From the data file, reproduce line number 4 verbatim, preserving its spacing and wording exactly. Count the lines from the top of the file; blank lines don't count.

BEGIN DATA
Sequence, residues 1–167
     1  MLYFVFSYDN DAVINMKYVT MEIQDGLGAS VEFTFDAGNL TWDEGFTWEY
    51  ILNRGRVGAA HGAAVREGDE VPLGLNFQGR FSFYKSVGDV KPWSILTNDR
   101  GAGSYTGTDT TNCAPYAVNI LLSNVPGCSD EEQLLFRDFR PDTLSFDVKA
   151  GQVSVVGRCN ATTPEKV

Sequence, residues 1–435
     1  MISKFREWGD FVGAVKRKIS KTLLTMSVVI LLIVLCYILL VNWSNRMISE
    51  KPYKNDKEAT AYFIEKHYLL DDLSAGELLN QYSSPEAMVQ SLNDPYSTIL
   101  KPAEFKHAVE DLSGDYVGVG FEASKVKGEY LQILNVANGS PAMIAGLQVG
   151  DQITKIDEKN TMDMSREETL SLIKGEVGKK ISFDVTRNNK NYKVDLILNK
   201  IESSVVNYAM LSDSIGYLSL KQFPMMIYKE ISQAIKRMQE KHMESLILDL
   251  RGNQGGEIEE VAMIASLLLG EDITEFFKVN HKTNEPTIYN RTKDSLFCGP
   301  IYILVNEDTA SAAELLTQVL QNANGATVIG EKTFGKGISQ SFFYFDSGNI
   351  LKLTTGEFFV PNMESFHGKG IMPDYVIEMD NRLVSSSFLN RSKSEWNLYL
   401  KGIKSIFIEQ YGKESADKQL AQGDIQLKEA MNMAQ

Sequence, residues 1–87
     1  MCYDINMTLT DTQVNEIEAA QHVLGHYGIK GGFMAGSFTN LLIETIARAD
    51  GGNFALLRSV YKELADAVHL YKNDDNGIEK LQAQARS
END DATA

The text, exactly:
   101  GAGSYTGTDT TNCAPYAVNI LLSNVPGCSD EEQLLFRDFR PDTLSFDVKA